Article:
The pressurized gas, preferably air, then is forced in a downstream direction through the chamber 24, as indicated by the arrows in FIG. 2, to the downstream end of the heat shield 20. The pressurized air then passes into the inner cylindrical chamber 26 through the spaced-apart radial passages 50. The passages 50 are located between the upstream end of the light transmitting tip 18 and a blue filter 76 supported on a ledge 78 of the rear shield section 28. The blue filter is adapted to pass radiation in the blue range, on the order of approximately 460 nanometer, for subsequent passage through the light transmitting rod 18 to the substance to be cured.
As is shown in FIGS. 2 and 7, the ledge 78 is provided with undercut, or relief areas 80 diametrically opposed to each other to provide passageways through which the pressurized cooling air can flow to cool the filter 76.
Referring specifically to FIGS. 2 and 6, a heat absorbing glass filter 82 is supported on the upstream surface of the blue filter 76, and diametrically opposed relief areas 84 are provided in the forward shield section 32 to permit the flow of pressurized cooling air around the heat absorbing filter. A spring clip 86 of a conventional design is employed to retain the filters 76 and 82 in proper position within the forward heat shield section 32.
As a result of the arrangement of relief grooves adjacent the filters 76 and 82 a pressurized flow of cooling air can pass in an upstream direction over the filters and lamp assembly 22 to effectively cool them.
Referring to FIGS. 2 and 5, the lamp assembly 22 is plugged into a socket 88. The socket 88 is positioned against a forwardly facing annular ledge 89 of the heat shield 20 and the socket is retained in proper position by a spring clip 90. As can be seen best in FIG. 5, the spring clip is provided with a plurality of circumferentially spaced, semi-circular passages 92 about the periphery thereof to provide openings through which the pressurized air can flow. The annular ledge 89 spaces the rear wall of the socket from the inner back surface 91 of the rear shield section 28 to define a rear plenum chamber 94 for receiving pressurized air passing through the passages 92 in the spring clip 90.
Referring specifically to FIGS. 2 and 3, an axially directed passage 96 extends through the rear wall of the rear shield section 28 to communicate the rear plenum chamber 94 with a plurality of circumferentially spaced-apart, rearwardly inclined passages 98 extending through the peripheral wall of the coupler section 54. The rearward inclination of the passages 98 funnels the flow of pressurized air in a generally axially rearward direction, as is indicated by arrows 99. It should be noted that the air directed through the passages 98 is quite hot (i.e., approximately 250° F.), having picked up a substantial amount of heat as a result of its passage through the outer annular chamber 24 and the inner cylindrical chamber 26 of the housing 12. If this heated air were permitted to exit out the rear of the device, without first being cooled, it could provide an extremely uncomfortable environment for the dentist.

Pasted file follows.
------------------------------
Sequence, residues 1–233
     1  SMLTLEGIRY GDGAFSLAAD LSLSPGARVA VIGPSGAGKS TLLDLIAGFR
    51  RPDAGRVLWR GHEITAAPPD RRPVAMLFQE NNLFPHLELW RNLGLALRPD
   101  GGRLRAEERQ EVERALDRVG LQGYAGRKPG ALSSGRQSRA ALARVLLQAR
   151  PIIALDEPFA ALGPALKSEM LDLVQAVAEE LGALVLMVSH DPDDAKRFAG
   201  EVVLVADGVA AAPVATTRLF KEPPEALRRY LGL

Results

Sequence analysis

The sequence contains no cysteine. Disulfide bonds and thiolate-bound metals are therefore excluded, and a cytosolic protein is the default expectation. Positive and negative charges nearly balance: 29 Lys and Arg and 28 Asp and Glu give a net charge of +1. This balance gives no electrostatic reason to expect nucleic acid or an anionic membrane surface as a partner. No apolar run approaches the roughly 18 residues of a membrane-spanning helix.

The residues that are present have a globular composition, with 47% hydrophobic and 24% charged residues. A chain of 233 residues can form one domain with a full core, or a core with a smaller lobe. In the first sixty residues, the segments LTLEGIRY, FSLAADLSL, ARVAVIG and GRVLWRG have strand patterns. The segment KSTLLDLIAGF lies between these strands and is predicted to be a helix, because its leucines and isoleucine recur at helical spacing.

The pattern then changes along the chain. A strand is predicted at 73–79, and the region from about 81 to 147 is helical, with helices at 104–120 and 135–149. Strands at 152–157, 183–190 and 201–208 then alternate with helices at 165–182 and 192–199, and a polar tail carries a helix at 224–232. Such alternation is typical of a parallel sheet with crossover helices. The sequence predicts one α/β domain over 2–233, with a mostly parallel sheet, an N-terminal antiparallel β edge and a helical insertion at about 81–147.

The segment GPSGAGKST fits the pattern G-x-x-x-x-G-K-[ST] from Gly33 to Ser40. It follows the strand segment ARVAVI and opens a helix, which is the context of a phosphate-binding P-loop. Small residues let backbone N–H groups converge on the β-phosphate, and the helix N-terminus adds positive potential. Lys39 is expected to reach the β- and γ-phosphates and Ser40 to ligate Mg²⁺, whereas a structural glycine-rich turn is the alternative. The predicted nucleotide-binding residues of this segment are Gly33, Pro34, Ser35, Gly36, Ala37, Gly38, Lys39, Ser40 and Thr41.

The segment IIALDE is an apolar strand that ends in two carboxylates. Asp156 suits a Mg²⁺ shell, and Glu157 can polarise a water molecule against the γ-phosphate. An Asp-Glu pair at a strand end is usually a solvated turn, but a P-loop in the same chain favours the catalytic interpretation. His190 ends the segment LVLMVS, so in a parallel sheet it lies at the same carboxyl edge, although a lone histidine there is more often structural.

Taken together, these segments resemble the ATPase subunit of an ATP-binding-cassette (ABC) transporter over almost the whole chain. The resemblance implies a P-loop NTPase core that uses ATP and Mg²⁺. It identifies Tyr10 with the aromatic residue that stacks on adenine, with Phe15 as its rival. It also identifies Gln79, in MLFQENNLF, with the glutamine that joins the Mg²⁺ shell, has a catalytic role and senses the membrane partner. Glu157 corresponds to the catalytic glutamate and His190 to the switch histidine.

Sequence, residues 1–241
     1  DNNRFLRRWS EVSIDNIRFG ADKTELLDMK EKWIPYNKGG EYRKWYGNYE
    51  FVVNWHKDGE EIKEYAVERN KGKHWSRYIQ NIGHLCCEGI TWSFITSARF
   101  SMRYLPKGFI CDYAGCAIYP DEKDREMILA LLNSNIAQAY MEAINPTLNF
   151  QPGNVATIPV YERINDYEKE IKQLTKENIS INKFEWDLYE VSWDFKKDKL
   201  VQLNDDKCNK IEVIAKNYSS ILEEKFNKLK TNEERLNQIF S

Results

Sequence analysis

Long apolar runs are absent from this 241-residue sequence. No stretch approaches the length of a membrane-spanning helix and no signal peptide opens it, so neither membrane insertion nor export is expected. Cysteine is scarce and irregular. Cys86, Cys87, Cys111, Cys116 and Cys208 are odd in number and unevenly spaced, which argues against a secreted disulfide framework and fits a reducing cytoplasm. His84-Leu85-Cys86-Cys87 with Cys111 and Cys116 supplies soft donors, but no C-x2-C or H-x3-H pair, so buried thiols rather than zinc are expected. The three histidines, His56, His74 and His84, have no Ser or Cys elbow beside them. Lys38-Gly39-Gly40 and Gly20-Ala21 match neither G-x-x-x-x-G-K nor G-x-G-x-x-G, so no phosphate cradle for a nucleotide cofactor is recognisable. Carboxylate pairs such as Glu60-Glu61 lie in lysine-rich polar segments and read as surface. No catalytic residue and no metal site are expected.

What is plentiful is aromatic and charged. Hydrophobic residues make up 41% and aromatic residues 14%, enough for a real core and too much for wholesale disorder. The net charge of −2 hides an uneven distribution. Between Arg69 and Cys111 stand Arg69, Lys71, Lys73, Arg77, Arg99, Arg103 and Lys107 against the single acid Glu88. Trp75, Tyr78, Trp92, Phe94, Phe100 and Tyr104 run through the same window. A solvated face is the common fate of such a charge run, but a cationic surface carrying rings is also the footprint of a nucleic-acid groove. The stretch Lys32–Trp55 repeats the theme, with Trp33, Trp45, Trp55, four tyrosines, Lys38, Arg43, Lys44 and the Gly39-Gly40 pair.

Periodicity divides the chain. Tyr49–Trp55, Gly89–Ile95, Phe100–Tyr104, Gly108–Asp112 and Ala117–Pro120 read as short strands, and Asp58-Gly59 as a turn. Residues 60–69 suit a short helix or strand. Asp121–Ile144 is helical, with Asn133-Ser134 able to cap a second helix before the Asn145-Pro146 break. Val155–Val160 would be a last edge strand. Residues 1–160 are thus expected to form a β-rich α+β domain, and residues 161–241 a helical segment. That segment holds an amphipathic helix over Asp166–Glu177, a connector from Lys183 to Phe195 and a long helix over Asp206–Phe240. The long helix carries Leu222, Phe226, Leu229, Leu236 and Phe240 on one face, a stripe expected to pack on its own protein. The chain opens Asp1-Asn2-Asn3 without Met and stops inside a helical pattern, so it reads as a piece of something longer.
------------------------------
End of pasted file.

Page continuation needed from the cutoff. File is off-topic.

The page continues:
Referring to FIGS. 1-3, a further unique feature of this invention resides in the manner of mixing ambient air with the hot air directed through the passages 98 in an automatic fashion to substantially lower the temperature of the air directed rearwardly out of the device 10. To accomplish this result an outer sleeve 100 is integrally molded as part of the rear section 14 of the housing 12, and this sleeve is concentrically disposed about the coupler section 54. This outer sleeve is provided with a plurality of circumferentially spaced, axially elongate openings 102, as can be seen best in FIG. 1. As can be seen best in FIG. 3 these openings 102 are circumferentially offset (i.e., radially out of alignment) from the rearwardly inclined passages 98 extending through the wall of the coupler section 54. By staggering the arrangement of the circumferentially spaced-apart openings 102 relative to the circumferentially spaced-apart openings 98 the hot air exiting through the passages 98 will not be directed through the openings in the sleeve 102 to possibly injure the dentist. Instead, the pressurized air directed through the passages 98 will be forced to flow in a generally axial direction to create a low pressure area between the inner cylindrical coupler section 54 and the outer sleeve 100. This provides a venturi effect that sucks ambient air through the elongate openings 102 to mix with, and cool the pressurized air exiting through the passages 98. In actual operation the air exiting the passages 98 is at a temperature of approximately 250° F., and after mixing with the ambient air sucked through the openings 102, is reduced to a temperature of approximately 140° F.